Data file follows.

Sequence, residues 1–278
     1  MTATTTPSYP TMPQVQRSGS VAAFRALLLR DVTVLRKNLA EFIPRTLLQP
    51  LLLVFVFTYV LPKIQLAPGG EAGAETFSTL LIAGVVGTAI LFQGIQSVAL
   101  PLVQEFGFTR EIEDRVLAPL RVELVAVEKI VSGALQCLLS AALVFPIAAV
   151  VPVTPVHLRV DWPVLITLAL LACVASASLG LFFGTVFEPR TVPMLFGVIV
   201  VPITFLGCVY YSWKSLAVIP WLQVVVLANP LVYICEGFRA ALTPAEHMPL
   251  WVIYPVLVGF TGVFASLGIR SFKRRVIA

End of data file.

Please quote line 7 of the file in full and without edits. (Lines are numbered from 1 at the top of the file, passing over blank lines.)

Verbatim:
   251  WVIYPVLVGF TGVFASLGIR SFKRRVIA